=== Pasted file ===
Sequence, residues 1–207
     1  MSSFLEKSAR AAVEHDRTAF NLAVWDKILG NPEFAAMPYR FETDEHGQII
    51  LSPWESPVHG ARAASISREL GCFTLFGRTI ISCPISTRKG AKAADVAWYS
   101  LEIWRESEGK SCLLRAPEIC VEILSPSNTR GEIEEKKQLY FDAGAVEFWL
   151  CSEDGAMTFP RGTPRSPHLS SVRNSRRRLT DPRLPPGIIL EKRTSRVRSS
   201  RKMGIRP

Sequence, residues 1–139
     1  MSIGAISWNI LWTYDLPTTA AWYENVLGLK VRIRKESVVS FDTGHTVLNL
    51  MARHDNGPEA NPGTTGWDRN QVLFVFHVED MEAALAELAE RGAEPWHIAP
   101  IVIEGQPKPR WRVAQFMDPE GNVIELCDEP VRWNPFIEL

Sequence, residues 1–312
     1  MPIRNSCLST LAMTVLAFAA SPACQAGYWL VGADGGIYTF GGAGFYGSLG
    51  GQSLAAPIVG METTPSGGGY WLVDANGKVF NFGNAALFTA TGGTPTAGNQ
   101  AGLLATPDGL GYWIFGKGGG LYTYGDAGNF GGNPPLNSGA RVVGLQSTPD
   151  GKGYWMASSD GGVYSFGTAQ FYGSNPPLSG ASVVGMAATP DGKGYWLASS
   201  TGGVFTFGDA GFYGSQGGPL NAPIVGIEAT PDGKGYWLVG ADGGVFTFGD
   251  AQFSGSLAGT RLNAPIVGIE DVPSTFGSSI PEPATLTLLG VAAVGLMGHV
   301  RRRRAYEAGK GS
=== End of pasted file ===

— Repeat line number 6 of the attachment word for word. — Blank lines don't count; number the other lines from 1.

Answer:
   201  RKMGIRP